The CNTE accused the government of waging a “two-lane manoeuvre” in which authorities continue holding talks with the national dissident union to manage the conflict — which reached fever pitch when police violently cracked down on protesters in Nochixtlan, Oaxaca, one month ago   — while also plowing ahead with education policy plans that only take into account the opinions of the more government-friendly teachers union, the SNTE, La Jornada reported.

Both Education Minister Aurelio Nuño and Interior Minister Miguel Angel Osorio Chong failed to attend the meeting, according to EFE. Nuño has been recalcitrant throughout the negotiations, refusing to engage in dialogue with the CNTE unless the union accepts President Enrique Peña Nieto’s 2013 education reform. Osorio Chong, on the other hand, has attended previous sessions, though teachers have criticized his lack of political will and interest in the process.

According to members of the CNTE, the new education model Nuño is set to announce at 11:00 a.m. local time on Wednesday excludes the dissident union due to lack of consultation.

The UN urges Peña to negotiate with the CNTE

While the government has been holding inconclusive meetings with the CNTE, the real talks have been with the CNTE, and a new voice has been added to the chorus calling on the central government to talk with strikers from the CNTE.

Government World reports:

The head of the United Nations forum on indigenous issues today urged Mexican officials to meet with a wing of the national union of teachers to resolve the conflict in the southern state of Oaxaca, where violent protests over education took at least six lives.

“I would like to express my absolute rejection and condemnation of the events that took place on 19 and 20 June this year in Asuncion Nochixtlán and neighbouring municipalities in the state of Oaxaca, Mexico,” said Alvaro Pop, Chairperson of the UN Permanent Forum on Indigenous Issues.

In addition to the people killed, more than 100 were injured in protests that followed President Enrique Peña Nieto’s changes to the education system.

The group that is protesting the changes is known as the National Coordinator of Education Workers (CNTE), an offshoot of the national teacher’s union.

In today’s statement, Mr. Pop urges the Government to dialogue in an “effective, participatory and mutually respectful manner” with the CNTE “to find a solution that respects national and international obligations undertaken by Mexico to promote and protect the rights of its indigenous peoples.”

Strikers impact the economy

One of the most effective tactics adopted by the strikers is to erect blockades in an effort to force the government to come to the bargaining table.

And now the Yucatan Times reports that the roadblocks are beginning to bite:

A delegation from the coastal city of Puerto Escondido called on the offices of the Interior Secretariat (Segob) in Mexico City to issue a plea for help.

“We cannot put up with the teachers’ blockades any more,” said spokesman Abraham Clavel, who operates a transportation service in the city. “They are strangling the state of Oaxaca. Puerto Escondido is under siege; there are no tourists.”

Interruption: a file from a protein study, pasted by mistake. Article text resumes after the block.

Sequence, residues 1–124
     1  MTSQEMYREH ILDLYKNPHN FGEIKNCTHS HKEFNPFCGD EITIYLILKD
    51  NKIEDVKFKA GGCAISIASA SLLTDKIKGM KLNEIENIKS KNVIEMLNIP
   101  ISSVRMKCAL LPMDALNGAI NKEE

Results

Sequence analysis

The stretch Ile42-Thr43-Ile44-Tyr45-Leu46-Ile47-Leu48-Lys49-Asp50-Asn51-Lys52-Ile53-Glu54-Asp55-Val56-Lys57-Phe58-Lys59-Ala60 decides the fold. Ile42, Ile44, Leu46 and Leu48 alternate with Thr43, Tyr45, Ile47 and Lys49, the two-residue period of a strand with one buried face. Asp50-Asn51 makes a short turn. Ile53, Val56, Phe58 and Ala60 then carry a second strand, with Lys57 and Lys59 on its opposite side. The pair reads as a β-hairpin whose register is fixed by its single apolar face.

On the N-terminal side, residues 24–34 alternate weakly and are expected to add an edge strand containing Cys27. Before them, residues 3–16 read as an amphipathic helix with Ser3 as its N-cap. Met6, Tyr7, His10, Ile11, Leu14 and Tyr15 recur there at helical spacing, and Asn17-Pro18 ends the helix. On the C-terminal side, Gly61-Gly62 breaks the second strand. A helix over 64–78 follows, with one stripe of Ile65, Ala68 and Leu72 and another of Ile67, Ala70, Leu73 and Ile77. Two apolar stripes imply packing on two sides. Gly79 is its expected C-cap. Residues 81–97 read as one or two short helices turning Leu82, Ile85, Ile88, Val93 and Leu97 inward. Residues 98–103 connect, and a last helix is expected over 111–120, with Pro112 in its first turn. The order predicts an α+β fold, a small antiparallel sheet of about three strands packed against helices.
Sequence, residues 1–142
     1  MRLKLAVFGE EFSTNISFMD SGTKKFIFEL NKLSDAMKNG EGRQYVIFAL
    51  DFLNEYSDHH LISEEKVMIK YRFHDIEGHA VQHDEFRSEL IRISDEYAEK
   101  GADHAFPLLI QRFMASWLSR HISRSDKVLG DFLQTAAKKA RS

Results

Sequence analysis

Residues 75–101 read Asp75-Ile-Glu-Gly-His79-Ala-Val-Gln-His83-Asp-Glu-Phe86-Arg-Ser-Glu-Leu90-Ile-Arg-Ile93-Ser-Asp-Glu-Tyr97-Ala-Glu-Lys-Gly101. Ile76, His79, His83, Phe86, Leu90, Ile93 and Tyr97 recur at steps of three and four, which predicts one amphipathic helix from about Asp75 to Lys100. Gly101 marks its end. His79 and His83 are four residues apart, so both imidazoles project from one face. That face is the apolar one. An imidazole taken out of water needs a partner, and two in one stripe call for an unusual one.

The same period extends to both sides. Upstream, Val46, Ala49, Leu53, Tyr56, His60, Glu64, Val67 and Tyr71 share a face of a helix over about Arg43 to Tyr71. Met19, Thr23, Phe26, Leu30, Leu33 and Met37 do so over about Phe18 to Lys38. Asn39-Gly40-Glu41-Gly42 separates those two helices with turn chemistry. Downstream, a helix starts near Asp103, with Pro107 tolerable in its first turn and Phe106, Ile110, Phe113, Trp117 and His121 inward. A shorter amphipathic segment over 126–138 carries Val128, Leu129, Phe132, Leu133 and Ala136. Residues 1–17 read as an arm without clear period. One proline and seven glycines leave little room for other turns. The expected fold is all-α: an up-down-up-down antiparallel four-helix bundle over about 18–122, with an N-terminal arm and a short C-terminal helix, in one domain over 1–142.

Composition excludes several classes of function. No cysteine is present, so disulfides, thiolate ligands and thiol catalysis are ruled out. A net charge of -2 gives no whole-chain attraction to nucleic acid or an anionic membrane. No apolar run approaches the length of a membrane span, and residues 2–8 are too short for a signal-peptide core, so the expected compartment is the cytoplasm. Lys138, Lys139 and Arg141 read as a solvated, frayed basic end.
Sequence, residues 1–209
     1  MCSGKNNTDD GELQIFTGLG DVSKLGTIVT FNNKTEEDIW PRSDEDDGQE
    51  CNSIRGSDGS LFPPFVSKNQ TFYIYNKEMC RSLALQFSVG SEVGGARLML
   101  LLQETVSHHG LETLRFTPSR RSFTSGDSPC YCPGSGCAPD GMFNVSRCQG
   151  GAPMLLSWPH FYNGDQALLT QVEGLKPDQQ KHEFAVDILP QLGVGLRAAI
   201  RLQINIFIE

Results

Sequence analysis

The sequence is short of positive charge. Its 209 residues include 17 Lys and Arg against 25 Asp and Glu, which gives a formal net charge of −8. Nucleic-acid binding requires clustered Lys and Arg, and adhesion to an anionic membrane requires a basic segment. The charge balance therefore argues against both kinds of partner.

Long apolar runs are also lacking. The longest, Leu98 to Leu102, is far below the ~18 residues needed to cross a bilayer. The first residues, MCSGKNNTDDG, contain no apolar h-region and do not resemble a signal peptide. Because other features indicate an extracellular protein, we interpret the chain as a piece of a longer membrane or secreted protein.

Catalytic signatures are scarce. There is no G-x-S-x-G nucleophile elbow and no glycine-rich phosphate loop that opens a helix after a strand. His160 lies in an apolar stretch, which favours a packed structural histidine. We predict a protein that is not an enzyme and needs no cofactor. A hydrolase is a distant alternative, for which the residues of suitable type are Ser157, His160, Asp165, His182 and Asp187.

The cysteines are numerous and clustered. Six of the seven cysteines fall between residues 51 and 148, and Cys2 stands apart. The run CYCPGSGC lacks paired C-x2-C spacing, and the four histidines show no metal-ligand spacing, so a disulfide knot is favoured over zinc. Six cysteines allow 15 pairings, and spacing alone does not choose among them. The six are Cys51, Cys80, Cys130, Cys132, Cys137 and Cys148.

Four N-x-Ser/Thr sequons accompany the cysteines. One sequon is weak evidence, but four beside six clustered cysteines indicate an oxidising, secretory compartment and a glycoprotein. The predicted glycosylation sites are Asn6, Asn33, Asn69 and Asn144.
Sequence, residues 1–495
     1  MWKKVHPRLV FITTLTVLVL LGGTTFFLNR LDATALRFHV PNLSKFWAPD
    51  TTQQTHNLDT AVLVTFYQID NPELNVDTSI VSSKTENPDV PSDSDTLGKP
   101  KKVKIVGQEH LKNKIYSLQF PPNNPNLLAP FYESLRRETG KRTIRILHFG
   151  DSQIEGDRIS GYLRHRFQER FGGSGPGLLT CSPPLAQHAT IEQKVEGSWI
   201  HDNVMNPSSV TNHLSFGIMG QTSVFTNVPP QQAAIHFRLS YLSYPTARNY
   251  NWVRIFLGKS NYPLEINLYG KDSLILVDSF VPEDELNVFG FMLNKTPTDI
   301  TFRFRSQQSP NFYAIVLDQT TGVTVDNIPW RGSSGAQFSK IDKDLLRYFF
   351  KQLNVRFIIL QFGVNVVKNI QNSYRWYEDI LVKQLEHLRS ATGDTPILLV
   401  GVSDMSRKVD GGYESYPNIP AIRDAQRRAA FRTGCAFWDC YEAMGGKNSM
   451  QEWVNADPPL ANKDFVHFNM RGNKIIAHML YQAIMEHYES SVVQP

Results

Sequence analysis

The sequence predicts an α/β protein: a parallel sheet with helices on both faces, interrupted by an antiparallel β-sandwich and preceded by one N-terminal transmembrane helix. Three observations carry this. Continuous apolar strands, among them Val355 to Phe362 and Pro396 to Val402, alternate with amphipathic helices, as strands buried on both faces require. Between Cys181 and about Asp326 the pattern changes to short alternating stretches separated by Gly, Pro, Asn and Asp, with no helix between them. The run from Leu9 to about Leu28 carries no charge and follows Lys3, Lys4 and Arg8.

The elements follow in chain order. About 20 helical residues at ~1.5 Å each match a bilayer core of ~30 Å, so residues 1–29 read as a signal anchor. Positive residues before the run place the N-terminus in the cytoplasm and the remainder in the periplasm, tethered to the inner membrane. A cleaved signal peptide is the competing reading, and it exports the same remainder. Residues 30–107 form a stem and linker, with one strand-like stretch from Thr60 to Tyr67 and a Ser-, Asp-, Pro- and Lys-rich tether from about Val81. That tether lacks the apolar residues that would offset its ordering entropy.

Government officials were told that 3,000 people have lost their jobs in the city and that hotel occupancy is less than 20% despite this being the high season for domestic tourism.

Clavel also said there have been fuel and food shortages caused by the blockades. “We’re fed up with always being put under siege,” he declared, claiming that the situation was “a disaster.”

He said combined losses in the region were running at 7.5 million pesos, or US $400,000, per day, and if the protests continue over the next few weeks another 3,000 people will be laid off by businesses in Puerto Escondido, Huatulco, Mazunte, Zipolite and Chacahua.

Violent confrontations continue

The Ayotzinapa students were kidnaped after the commandeered buses ot take them to a political rally, upsetting the wife of the mayor of Iguala, the real power in the local community rather than her spouse.

The students were then ambushed by a coalition of local and federal law enforcement, abetted by cartel gunslingers, who are widely suspected of subsequently killing all the students.

The latest round of violence erupted after another bus commandeering, reports Fox News Latino:

Students and teachers burnt three buses and a truck in the western Mexican state of Michoacan as part of a drive to pressure the government to hire 1,200 graduates from teacher training colleges.

In addition, the protesters have stolen 143 heavy vehicles including passenger buses, cargo trucks, fuel transportation trucks and tractor-trailers in the past few days.

The Secretariat of Public Security (Spanish: SSP) of Michoacan reported that the incident took place at 2 p.m. local time (7 p.m. GMT) when students and teachers burnt three buses crossing the Uruapan-Patzcuaro highway, near Morelia, capital of the state, up to the town of San Juan Tumbio, where they detained 15 passenger trucks.

Riot police prevented teachers and students from torching the remaining 12 buses, although the protesters managed to set fire to a Coca-Cola delivery truck on the Zacapu-Zamora highway.